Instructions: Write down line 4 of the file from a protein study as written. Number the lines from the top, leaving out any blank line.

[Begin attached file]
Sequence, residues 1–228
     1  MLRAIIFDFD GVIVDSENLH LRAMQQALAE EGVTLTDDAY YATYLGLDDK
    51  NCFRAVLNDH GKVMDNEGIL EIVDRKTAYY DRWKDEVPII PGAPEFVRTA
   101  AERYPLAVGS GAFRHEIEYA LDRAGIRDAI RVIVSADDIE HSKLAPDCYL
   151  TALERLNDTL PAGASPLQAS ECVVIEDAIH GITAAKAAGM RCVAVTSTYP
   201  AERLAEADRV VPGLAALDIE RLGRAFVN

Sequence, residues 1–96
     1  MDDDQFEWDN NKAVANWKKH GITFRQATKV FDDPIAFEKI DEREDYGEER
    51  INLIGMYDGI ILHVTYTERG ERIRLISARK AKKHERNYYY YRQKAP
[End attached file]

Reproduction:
   101  AERYPLAVGS GAFRHEIEYA LDRAGIRDAI RVIVSADDIE HSKLAPDCYL